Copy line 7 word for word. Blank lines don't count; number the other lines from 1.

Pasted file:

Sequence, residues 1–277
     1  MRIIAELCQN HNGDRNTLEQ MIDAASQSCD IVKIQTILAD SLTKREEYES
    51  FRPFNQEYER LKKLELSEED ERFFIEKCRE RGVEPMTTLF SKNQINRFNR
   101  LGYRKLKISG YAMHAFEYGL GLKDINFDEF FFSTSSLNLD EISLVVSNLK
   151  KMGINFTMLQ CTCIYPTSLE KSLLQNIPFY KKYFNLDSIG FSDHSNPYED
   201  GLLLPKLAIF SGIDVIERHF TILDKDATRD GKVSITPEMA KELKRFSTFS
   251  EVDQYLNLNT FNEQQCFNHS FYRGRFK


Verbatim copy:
   251  EVDQYLNLNT FNEQQCFNHS FYRGRFK